Early career in journalism[edit | edit source]

According to a 2012 report by Yahoo! News Singapore, Cherian George worked at The Straits Times for a decade.[10] He was the newspaper's arts and photo editor for three years.[11]

Career in academia[edit | edit source]

Cherian George speaking at a 2018 conference. Photo from source.

An established academic presence in Singapore, Cherian George has frequently commented on censorship and governance in the island-state.[12] Speaking at a 2012 panel in conjunction with the Singapore Writer's Festival, he said:

"The system is designed to ensure that the mainstream press is always slightly behind the curve. It’s never an avant-garde institution. The whole reason for press controls is to ensure that the mainstream press are not an unadulterated reflection of popular opinion, and certainly not a vehicle for the most progressive forces in society... (instead) to ensure that the mainstream press is largely a centrist conservative institution."[10]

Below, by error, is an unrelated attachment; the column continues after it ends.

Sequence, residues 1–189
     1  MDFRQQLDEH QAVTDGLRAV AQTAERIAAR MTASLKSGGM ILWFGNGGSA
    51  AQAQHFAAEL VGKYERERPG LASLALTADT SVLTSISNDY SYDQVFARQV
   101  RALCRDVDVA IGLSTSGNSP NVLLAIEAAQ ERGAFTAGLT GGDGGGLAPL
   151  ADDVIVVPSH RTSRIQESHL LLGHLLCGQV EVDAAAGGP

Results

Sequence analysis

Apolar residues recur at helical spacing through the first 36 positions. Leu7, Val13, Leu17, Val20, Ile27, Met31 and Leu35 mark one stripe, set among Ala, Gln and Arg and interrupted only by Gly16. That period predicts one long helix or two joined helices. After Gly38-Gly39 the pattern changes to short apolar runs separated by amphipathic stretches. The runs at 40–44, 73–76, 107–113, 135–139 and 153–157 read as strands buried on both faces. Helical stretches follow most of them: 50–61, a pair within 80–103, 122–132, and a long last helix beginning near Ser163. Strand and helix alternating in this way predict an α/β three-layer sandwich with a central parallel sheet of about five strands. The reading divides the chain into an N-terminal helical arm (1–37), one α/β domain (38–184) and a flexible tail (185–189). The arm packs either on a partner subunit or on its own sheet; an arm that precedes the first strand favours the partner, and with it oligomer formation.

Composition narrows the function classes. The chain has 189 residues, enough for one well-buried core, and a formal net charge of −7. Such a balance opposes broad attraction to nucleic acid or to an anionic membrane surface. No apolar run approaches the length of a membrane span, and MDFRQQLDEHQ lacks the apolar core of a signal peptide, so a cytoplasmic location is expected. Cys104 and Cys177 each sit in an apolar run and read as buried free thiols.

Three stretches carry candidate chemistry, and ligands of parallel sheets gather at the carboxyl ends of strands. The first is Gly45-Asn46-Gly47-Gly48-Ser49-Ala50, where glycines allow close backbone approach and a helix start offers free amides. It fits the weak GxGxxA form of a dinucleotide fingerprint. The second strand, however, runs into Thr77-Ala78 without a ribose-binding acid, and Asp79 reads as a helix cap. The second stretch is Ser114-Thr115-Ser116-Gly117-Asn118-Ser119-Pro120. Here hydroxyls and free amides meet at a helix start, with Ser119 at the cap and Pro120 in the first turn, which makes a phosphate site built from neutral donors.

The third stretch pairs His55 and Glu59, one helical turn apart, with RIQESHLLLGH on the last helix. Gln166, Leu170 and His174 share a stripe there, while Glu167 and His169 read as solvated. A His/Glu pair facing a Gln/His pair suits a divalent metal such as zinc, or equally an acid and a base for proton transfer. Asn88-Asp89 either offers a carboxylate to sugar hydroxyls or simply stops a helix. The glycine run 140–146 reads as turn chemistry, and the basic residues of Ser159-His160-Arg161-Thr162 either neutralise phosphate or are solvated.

In 2018, Cherian George spoke at a public hearing on deliberate online falsehoods where he provided policy suggestions to combat hate propaganda in Singapore.[13][14] Cherian George has also worked at research centres such as the Institute of Policy Studies (IPS).[15] Over the years, he has established working relationships with other Singaporean academics like the sociologist, Teo Yeo Yenn and the economist, Donald Low; with whom he co-authored the book, PAP v PAP (2020).

Cherian George at the 2018 online falsehoods public hearing. Photo from source.

Nanyang Technological University (2004 - 2014)[edit | edit source]